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Chapter 12 Alkanes 12.4 Haloalkanes.

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Presentation on theme: "Chapter 12 Alkanes 12.4 Haloalkanes."— Presentation transcript:

1 Chapter Alkanes Haloalkanes

2 Haloalkanes In a haloalkane, one or more H atoms in an alkane is replaced by a halogen atom. Simple haloalkanes are named alkyl halides. In IUPAC names, a halogen is named as fluoro, chloro, bromo, or iodo. CH3Br bromomethane (methyl bromide) Cl | CH3—CH—CH2—CH chlorobutane (sec-butyl chloride)

3 Substituents Two or more substituents are named in alphabetical order.
Cl Br | | CH3—CH—CH2—CH—CH2—CH3 4-bromo-2-chlorohexane

4 Naming of Haloalkanes Methane compounds with two or more chlorine atoms are sometimes named by common names that do not reflect their structures.

5 Chlorofluorocarbons (CFCs)
The ozone (O3) layer in the atmosphere absorbs most of the sun’s harmful radiation. Chlorofluorocarbons (CFCs) cause reactions that destroy the ozone layer. CFCs such as Freon-12 (CF2Cl2) have been used in refrigeration, air conditioning, and foam insulation. The use of CFCs in spray cans is no longer allowed.

6 Regions of Earth’s atmosphere
Troposphere (the air we breathe and where our weather takes place) Stratosphere (where the ultraviolet (UV) – protective ozone layer is found) “Good” ozone is found in the stratosphere, where it forms a protective blanket, absorbing UV radiation “Bad” ozone is found in the air we breathe Exposures to concentrations of ozone near 0.12 ppm lower the volume of air a person breathes out The only effective way to limit ozone is to limit nitrogen oxides emissions

7 Nitrogen Oxides There are 8 oxides of nitrogen, three of which are in the atmosphere: N2O, NO, NO2. N2O is produced by bacteria N2 + O2  2 NO 2 NO + O2  2 NO2 97% of nitrogen oxides are naturally produced 3% result from human activity Normal concentration is a few parts per billion (ppb) Nitrogen oxides are formed during lightning storms and are washed out by rain This is one of the ways nitrogen is made available to plants Most oxides of nitrogen from sources other than nature are produces from fossil fuel combustion

8 Nitrogen Dioxide (NO2) Corrosive agent – 3 ppm NO2 for 1 hour causes bronchioconstriction; ppm is fatal Forms secondary pollutant ozone Reacts with water to form nitric acid 2 NO2 + H2O  HNO3 + HNO2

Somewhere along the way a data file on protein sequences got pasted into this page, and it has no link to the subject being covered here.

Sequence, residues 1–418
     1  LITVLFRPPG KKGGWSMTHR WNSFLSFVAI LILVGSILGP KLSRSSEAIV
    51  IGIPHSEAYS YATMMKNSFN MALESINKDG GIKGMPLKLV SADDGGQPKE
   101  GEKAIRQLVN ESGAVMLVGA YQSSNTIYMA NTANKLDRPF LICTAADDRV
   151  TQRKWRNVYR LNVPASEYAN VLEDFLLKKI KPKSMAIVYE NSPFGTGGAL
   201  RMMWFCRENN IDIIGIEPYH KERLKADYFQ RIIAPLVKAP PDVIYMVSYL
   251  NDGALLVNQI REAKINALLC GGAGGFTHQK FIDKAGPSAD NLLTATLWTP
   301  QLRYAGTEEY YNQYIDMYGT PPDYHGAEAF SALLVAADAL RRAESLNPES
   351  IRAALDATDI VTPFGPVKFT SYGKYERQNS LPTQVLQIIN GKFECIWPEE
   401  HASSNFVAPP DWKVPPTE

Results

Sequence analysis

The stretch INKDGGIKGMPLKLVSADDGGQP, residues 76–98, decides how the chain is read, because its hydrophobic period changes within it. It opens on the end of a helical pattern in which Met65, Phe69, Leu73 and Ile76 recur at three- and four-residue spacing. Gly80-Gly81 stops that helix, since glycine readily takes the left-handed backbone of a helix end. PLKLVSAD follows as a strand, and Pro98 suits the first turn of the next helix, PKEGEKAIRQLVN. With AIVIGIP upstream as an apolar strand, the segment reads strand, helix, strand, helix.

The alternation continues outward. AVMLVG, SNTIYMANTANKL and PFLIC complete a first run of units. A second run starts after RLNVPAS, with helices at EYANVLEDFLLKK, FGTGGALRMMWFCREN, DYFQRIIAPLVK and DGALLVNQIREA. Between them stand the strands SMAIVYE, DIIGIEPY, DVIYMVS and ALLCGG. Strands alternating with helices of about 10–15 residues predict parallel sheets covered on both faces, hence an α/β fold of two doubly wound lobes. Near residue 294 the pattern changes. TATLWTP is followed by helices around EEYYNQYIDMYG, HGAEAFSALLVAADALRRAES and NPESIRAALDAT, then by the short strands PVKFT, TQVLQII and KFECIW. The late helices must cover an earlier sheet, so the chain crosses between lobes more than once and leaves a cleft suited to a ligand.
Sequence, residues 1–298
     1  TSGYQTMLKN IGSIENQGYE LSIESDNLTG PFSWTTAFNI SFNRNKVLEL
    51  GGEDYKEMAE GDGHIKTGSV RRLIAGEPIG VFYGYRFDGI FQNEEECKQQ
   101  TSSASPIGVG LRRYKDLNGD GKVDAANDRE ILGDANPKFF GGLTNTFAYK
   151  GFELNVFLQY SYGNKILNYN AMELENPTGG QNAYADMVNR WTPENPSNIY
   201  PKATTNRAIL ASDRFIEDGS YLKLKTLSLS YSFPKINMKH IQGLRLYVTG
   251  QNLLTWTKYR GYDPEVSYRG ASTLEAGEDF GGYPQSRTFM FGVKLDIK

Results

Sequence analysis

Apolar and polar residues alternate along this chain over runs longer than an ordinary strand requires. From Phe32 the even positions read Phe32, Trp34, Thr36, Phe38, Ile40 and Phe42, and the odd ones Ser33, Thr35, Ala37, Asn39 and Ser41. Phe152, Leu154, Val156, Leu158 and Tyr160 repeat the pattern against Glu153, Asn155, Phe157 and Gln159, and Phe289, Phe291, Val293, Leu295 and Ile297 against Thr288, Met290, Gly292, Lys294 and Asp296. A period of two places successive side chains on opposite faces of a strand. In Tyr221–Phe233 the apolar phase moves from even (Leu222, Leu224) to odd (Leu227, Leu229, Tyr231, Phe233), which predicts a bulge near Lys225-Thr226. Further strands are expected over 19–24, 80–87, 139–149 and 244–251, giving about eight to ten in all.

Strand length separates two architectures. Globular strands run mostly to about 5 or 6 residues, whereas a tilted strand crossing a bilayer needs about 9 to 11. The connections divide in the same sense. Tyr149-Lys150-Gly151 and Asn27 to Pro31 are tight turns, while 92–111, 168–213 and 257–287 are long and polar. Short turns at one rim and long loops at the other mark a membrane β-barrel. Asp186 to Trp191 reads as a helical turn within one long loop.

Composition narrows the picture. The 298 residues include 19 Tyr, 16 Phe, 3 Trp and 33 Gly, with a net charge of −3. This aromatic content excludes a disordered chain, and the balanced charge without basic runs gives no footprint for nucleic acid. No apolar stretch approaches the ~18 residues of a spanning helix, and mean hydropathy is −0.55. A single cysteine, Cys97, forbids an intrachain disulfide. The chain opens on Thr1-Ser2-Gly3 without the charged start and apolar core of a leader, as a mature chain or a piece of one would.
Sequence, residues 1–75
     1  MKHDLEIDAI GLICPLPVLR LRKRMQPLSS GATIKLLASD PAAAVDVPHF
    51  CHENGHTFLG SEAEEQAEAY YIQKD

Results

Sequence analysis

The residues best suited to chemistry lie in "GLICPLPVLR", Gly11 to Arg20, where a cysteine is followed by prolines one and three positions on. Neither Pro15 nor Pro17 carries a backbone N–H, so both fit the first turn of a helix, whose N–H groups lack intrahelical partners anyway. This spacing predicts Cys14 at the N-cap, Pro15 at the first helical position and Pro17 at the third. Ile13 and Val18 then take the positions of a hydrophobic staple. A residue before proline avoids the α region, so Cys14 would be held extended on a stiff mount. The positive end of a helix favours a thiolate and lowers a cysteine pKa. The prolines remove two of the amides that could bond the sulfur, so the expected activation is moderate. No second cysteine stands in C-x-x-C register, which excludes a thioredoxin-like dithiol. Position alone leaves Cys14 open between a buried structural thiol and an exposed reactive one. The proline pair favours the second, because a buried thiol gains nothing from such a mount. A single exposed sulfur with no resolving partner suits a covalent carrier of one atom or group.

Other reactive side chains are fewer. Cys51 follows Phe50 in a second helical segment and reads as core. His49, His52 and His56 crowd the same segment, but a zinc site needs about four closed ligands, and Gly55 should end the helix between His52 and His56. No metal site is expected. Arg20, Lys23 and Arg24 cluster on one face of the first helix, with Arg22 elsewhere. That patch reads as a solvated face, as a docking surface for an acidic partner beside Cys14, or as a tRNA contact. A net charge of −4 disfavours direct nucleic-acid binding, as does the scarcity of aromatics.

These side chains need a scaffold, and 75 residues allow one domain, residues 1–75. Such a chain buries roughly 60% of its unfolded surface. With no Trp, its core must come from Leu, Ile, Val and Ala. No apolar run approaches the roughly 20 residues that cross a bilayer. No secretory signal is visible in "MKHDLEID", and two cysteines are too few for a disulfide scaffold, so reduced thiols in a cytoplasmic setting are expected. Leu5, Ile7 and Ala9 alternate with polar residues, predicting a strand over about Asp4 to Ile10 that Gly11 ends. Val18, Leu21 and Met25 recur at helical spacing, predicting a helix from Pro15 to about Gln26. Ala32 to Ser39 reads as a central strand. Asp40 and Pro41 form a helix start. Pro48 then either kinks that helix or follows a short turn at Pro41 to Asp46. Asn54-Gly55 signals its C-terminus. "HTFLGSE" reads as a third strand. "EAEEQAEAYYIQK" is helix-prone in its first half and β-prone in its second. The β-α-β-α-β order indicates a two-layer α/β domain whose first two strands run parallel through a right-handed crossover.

9 Chlorofluorocarbons (CFCs)
Unreactive, nontoxic, reside for many years in troposphere, mix with air in the stratosphere, which leads to depletion of protective ozone layer Trichlorofluoromethane (CFCl3) & dichlorofluoromethane (CF2Cl2)are broken by UV light; this photodissociation produces a chlorine atom that collides with ozone molecule to produce a chlorine oxide (ClO) free radical and an oxygen molecule CF2Cl2 + energy (UV light)  CF2Cl + Cl Cl· + O3  ClO + O2 ClO + O  O2 + Cl The result of this reaction cycle is that a single Cl atom may react up to 100,000 times before it eventually reacts with water to form HCl, which then mixes into the troposphere and washes out in acidic rainfall.

10 Hydrochlorofluorocarbons (HCFCs)
CFCs (most common automotive refrigerants) have been replaced by HCFCs, which are more reactive in the lower atmosphere, thus have less chances of getting into the stratosphere

11 Chlorofluorocarbons and Ozone
In the stratosphere, the CFCs are cleaved by the high-energy UV radiation from the sun. UV light CF2Cl CF2Cl Cl The Cl reacts with ozone (O3). The ClO produced destroys another O3 forming additional Cl. Thus one Cl can destroy many O3 molecules. Cl O ClO + O2 ClO + O Cl O2

12 Impact of Loss of Ozone According to the National Academy of Sciences, each 1% loss of ozone (O3) increases the amount of UV radiation reaching the earth by 2%. More UV radiation means more skin cancer and cataracts in humans, more intense photochemical smog, and lower crop yields.

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